REPOSTED from The Citizens Voice by PAUL GOLIAS / PUBLISHED: AUGUST 1, 2016
WILKES-BARRE — The remarkable life story of Sarah Godfrey draws an ever-expanding crescendo of “Wows!” and “That’s wonderful!”
Clinically dead and suffering from severe brain trauma following a horrific auto accident, Godfrey came out of a six-week coma and — supported by family, friends and medical professionals — she has continued on a long path of recovery and learning.
She is now poised to begin her latest challenge.
Godfrey, 23, will depart for Fife, Scotland, in late August to begin studies at the University of St. Andrews for a master’s degree and then hopefully a doctorate in health psychology. She said her goal is to work one day in a neuropsychology setting and help others suffering from brain injuries, including brain trauma.
“The level of recovery that I achieved and where I am academically and emotionally is due to the incredible support system that had people fighting for me,” Godfrey said.
Now, she said she hopes to help others who face psychiatric and biological issues that affect health.
It can be as basic as helping someone improve their health by eliminating smoking, she said, or helping on more complex issues in an interdisciplinary way.
Godfrey’s saga began late in the afternoon of Nov. 17, 2006.
Godfrey, an eighth grade student at the former St. Boniface Parochial School, had been dropped off in front of her home on Hazle Street. As she crossed the street, a car slammed into her. The impact tossed her into the air and she landed on the pavement.
Paramedics worked feverishly to force oxygen to her brain.
Godfrey was life-flighted to Geisinger Medical Center, Danville, where she was unconscious for six weeks.
“I don’t remember anything,” she said. “I was told about it later.”
There was more sadness to relate. Sarah’s parents, Mark and Brigid Godfrey, told Sarah on Feb. 10, 2007, that her grandmother, Mary Jones Casey, had died on Dec. 3, three weeks after the accident. Casey had been standing on the porch as Sarah came home from school and witnessed the accident.
Sarah’s condition remained critical even after coming out of the coma. She had a tracheotomy, she could not sit up or walk and she could not hold a pencil. But slowly she began to respond to physical and occupational therapy.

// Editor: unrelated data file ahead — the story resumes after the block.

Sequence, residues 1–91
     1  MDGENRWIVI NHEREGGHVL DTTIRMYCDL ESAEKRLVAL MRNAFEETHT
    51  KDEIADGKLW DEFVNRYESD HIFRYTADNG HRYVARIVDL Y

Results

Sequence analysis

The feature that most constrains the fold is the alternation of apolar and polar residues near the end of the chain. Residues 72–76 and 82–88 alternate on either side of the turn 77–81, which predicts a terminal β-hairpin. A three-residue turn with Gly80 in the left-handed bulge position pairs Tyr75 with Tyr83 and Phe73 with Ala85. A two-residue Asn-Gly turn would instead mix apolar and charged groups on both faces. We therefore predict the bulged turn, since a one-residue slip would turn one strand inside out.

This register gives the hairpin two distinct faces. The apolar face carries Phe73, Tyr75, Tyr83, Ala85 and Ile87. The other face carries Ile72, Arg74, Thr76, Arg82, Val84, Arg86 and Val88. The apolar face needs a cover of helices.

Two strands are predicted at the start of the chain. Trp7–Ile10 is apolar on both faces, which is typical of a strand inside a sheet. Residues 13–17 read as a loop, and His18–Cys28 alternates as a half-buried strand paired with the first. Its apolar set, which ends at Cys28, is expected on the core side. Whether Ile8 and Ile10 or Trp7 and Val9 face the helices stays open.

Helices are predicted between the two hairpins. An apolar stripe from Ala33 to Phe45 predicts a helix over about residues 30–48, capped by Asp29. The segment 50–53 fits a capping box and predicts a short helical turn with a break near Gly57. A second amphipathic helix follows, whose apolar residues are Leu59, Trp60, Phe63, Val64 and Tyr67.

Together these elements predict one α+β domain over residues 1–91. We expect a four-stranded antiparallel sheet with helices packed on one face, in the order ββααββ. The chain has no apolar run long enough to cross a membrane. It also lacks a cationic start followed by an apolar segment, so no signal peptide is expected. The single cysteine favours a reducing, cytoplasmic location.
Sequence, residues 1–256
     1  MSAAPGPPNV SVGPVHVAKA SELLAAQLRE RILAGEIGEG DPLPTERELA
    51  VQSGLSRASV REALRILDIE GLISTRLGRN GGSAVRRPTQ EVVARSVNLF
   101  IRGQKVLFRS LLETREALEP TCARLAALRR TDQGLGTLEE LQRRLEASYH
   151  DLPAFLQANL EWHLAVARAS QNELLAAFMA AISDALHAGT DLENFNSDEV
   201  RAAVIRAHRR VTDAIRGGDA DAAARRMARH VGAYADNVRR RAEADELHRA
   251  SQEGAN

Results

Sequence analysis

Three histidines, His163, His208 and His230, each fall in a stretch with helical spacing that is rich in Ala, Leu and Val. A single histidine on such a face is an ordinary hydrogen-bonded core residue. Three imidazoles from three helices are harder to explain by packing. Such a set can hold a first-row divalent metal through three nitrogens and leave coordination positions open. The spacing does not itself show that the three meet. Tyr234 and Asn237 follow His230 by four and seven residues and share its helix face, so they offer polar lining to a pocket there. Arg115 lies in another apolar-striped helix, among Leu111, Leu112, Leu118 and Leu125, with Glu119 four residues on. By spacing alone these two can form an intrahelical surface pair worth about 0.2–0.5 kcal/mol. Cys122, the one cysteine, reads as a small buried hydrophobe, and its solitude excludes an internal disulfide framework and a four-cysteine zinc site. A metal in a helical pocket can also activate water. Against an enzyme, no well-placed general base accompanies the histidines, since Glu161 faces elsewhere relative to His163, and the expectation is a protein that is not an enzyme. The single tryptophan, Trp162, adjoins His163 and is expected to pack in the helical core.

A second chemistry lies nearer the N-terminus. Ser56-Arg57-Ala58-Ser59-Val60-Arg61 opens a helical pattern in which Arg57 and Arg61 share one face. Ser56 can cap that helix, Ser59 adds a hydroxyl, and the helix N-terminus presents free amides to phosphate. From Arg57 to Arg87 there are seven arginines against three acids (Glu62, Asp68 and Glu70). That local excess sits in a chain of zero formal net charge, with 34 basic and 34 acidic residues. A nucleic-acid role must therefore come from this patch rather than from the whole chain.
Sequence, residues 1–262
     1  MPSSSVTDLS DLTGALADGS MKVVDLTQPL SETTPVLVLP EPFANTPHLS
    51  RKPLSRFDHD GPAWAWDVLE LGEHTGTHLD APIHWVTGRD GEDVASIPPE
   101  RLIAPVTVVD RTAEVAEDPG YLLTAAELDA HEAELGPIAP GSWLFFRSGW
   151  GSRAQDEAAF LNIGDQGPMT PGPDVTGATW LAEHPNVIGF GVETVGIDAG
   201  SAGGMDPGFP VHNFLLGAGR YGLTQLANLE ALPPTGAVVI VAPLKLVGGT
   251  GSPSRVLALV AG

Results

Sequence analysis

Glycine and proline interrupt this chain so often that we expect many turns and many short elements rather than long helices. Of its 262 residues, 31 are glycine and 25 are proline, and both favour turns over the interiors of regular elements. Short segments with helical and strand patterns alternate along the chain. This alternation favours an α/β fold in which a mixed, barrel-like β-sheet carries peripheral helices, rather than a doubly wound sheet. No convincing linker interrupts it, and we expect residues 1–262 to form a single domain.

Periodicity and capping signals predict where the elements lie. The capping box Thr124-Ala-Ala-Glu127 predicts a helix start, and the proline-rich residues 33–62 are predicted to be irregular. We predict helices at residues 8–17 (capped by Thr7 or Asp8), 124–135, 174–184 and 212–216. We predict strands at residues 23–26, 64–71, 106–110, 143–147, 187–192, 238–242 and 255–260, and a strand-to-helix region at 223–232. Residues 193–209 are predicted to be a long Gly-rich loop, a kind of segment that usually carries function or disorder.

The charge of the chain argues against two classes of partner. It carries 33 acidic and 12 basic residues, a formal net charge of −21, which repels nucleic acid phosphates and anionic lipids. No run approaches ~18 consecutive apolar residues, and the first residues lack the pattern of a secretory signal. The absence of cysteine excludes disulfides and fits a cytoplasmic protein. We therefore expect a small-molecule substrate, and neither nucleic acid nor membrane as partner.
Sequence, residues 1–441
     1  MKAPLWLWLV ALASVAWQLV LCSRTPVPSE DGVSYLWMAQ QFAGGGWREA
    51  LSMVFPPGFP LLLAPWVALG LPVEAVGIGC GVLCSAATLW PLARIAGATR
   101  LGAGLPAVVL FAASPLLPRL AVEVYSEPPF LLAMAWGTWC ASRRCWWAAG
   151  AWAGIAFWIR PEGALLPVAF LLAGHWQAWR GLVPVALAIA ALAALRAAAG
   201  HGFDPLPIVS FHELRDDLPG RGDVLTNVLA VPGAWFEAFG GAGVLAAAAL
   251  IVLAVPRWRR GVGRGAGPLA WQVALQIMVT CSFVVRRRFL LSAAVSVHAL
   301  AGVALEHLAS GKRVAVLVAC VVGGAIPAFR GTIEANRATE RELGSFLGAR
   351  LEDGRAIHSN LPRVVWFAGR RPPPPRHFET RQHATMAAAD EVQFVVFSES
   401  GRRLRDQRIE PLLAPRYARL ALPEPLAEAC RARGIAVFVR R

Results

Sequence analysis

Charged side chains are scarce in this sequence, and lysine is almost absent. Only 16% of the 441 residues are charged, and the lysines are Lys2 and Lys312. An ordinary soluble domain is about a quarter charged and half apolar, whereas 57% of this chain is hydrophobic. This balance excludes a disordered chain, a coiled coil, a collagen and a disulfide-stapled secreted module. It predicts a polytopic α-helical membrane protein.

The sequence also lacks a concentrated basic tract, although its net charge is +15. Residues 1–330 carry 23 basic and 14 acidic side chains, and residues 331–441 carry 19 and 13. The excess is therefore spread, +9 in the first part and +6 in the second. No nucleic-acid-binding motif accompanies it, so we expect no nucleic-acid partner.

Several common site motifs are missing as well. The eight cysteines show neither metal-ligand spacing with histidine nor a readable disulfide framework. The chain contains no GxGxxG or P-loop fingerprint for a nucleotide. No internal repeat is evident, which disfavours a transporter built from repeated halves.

She spent time at the Children’s Hospital of Philadelphia and then came “home” to John Heinz Institute of Allied Services in Luzerne County, where she underwent intense rehabilitation that included speech, occupational, physical and cognitive therapies.
Godfrey said she appreciates the intense work of the therapists “early on and especially at John Heinz.
“I can’t give enough accolades to the people who have shown love and support,” she said.
Godfrey was awarded a diploma from St. Boniface as a member of the last class at that school, and enrolled at Holy Redeemer High School in the fall of 2007.
She carried a condensed class load. Her days included classes, therapy at Heinz after and then sessions with a tutor at home in the evening.
“I had always been a conscientious student and I really wanted to get back and it worked!” she said.
Godfrey attained the honor roll every year and graduated in 2011 with high honors amid applause and tears from classmates, faculty and family.
Godfrey enrolled in Ursinus College in Collegeville and earned a Bachelor of Science degree with honors in psychology and self-designed minors in drama therapy and movement psychology — or dance therapy.
She studied during the fall semester in 2013 at St. Andrews and it was there that she met Cameron Houston, her boyfriend. He is a senior at St. Andrews studying medieval history.
Godfrey returned to the British Isles during the summer of 2014 to study at University College Cork in Cork, Ireland.
Godfrey interacted with CHOP therapists during summer breaks at Ursinus, aiding youngsters at Camp Cranium in Millville — a camp for children with brain injuries. Working with kids facing brain-related issues “gave me lots of motivation to keep learning” Godfrey said.
She also worked as a Red Cross blood center volunteer, took part in mock trials and managed dance team and theatre company productions at the college’s Arts Center. She served with Active Minds, a mental health advocacy group that strives to reduce the stigma of mental illness. The Active Minds work led to further activism “for autism acceptance” Godfrey said. In her senior year, she served as Active Minds’ president and helped run an art fair that raised funds for Camp Cranium.
“Traumatic brain injury is a serious mental and physical recovery challenge,” she said.
Coming full circle, Godfrey works as a teachers’ assistant with youngsters on the autism spectrum at The Graham Academy in Kingston.
“This is a very special place,” she said. “I hate to leave, but I am excited to pursue further education.”
St. Andrews had 500 applicants for full-scholarships in the master’s program and Godfrey won one of three awarded. The grants cover schooling, travel, lodging, books and meals. She said she thinks her “level of passion” for study of how the brain works played a role in the award.
Godfrey is an avid reader and most often she will be found with a book on psychology, learning or behavioral neuroscience.
“I am fascinated in how the mind works,” she reiterated.